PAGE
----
Friday, November 30, 2007

New Sparks in Missile Defense

Several new issues have arisen regarding the controversial third missile defense site planned for Europe since Nukes of Hazard's last summary post on the subject. Two weeks ago, a senior Russian general announced a potential retaliatory measure to the site. The following week, Rick Lehner, spokesperson for the Missile Defense Agency, critically responded to comments by Representative Ellen Tauscher (D-CA) on their purpose. And this week, Russia claimed that U.S. proposals aimed at cooperation between the two nations did not live up to the plans that had emerged from earlier discussions.

The "tit-for-tat" cautionary predictions made by many opponents to the sites in Poland and the Czech Republic were brought closer to reality on November 14 when Russian and Belarusian officials warned that Russia could respond by supplying short-range Iskander missiles to Belarus. According to Russian news agency Itar-Tass, Colonel-General Vladimir Zaritsky, a senior general for the Russian Ground Troops, stated, "Any action must have a counter-action, including with the U.S. anti-missile elements in the Czech Republic and Poland." As the New York Times notes, however, while the Iskander missiles would then be under Belarusian command, due to their close relationship "both countries' missile forces are seen as working in unison."

Just over a week later, a different controversy arose - this time from within the U.S. - over the site's purpose. William Matthews had a great article in Defense News on the topic. Rep. Ellen Tauscher (D-CA), chairperson of the House Armed Services strategic forces subcommittee, put the U.S. Missile Defense Agency on the defensive after she claimed that the sites were for protection from long-range attacks on the United States from Iran, and not specifically to protect Europe. Rick Lehner, spokesperson for the Missile Defense Agency, claimed the system "is designed specifically to defend most of Europe" and would have only a "redundant capability to defend the U.S."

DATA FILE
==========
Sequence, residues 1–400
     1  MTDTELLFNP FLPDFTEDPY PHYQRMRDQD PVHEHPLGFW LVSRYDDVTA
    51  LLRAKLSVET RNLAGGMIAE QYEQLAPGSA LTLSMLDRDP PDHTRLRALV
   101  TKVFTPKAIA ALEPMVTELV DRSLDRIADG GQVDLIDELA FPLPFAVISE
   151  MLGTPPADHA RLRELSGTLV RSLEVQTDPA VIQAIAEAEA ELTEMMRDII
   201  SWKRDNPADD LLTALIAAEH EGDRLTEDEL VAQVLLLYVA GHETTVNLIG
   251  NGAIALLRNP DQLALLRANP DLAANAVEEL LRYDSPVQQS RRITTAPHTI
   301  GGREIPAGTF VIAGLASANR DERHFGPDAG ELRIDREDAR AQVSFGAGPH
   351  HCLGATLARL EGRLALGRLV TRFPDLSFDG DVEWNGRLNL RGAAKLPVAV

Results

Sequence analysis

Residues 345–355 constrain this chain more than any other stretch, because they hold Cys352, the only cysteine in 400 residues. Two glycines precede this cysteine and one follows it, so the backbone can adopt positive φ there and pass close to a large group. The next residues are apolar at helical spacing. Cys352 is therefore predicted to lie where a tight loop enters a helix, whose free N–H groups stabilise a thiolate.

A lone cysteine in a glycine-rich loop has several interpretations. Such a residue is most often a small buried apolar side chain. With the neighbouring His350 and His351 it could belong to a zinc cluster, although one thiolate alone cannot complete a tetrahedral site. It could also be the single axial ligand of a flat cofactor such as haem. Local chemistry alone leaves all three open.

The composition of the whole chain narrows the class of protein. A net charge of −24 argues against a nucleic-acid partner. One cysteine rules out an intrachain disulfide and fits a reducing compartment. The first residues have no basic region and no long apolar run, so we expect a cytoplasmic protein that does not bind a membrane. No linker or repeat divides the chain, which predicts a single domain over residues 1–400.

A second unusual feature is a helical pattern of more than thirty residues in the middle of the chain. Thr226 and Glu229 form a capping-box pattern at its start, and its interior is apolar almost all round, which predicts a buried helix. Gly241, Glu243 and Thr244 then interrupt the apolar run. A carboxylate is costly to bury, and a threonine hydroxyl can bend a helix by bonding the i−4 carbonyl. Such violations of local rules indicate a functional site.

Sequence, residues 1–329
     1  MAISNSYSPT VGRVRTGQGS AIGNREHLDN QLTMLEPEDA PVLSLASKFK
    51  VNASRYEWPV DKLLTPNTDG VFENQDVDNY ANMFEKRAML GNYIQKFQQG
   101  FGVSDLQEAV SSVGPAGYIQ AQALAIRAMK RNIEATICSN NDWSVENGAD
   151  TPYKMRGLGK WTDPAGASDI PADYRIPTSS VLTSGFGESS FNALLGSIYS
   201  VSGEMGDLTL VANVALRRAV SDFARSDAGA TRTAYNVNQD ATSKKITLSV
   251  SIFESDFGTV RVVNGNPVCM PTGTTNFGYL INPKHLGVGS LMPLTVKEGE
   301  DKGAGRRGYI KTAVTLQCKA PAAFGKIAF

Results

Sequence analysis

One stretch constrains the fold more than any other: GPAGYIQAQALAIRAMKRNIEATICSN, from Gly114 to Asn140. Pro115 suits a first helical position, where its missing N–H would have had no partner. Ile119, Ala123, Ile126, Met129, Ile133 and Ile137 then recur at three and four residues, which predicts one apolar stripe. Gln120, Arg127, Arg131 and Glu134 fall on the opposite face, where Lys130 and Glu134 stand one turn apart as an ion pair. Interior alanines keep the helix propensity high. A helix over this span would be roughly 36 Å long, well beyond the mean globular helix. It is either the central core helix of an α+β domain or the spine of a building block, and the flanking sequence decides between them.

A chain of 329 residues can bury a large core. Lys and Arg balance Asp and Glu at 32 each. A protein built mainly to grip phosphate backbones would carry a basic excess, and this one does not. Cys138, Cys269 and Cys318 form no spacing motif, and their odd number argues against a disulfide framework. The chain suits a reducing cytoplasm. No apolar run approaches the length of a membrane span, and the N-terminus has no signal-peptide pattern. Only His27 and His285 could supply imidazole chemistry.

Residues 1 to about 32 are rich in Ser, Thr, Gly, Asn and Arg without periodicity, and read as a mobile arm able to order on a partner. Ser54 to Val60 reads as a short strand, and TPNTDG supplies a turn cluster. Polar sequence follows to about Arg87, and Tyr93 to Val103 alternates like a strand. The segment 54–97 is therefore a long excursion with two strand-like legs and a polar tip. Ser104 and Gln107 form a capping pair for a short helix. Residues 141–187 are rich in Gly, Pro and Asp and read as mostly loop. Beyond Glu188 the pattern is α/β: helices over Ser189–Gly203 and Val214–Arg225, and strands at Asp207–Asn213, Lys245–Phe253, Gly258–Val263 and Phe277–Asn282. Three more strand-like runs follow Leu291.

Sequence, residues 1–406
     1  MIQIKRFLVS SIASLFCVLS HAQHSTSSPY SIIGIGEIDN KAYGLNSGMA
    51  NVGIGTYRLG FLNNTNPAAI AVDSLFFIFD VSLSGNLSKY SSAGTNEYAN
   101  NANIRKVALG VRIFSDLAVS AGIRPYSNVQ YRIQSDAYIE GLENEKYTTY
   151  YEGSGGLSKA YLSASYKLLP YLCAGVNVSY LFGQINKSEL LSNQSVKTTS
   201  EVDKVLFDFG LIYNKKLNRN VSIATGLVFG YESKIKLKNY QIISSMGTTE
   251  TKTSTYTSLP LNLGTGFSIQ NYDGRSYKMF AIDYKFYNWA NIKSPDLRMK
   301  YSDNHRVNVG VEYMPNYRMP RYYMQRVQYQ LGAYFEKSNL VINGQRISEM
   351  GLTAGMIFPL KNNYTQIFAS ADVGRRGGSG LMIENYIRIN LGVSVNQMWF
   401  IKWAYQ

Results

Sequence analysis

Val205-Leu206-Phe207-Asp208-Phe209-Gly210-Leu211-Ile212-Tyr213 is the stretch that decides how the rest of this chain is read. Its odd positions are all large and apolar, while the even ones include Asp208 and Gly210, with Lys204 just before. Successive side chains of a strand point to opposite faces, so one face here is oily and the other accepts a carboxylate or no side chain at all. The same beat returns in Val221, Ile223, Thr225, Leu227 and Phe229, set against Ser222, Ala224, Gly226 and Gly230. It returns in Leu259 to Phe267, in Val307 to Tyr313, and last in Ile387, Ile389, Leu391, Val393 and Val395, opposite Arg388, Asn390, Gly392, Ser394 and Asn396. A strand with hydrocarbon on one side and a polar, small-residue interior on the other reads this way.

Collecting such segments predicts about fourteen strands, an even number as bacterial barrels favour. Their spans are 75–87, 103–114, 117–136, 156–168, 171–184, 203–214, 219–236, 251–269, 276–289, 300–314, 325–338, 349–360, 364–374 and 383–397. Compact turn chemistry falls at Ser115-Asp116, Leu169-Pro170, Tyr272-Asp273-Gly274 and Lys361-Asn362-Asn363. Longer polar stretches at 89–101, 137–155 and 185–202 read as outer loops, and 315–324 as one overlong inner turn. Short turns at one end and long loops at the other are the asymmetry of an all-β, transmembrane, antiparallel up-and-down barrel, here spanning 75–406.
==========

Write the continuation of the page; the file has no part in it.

Tauscher also raised some eyebrows when, as Matthews continues, she characterized long-range missile defense systems as "a science project." To her credit, the two-stage missile interceptor planned for Poland has to date been neither built nor tested. While it is quite similar to interceptors already used in the U.S, even these have a mixed-at-best record in their testing phases, failing 5 out of 12 times – a meager 58.3% success rate. Not exactly confidence inspiring.

(Graphic produced by the BBC)

Finally, an additional issue arose this week when Russian President Vladimir Putin accused the U.S. of submitting written proposals that did not live up to agreements made during the October discussions. The U.S. submitted to Russia new proposals for the missile defense program, in an effort to reduce their opposition to the program. However, Russian Foreign Minister Sergey Lavrov claimed that they were "a significant rollback from what American representatives [Gates and Rice] said" in October. He stated, "If by joint work they mean pursuing unilateral plans to install missile defense facilities in Eastern Europe, and inviting us only to help them and provide information we have, that's not what we have in mind when we propose…together conducting analyses to determine threats…and neutralize them," AP reports. The Pentagon disputes this claim, but details of the proposal have yet to be made public.

What all of this will mean for the missile defense system remains to be seen, but these issues may be less relevant if the funds don't exist to pursue the project. An earlier post identified that the 2008 Defense Appropriations bill reduced funding for the European Third Site program by $85 million. In addition, while Congressional Quarterly declared "Missile Defense a Winner in Policy Bill" in the 2008 Defense Authorization bill (still held up in conference) because the cuts to overall missile defense were less than expected (only $185 million less than Bush's requested $8.84 billion), it also cuts funding for the third site by $85 million and blocks construction until agreements are reached with Poland and the Czech Republic.

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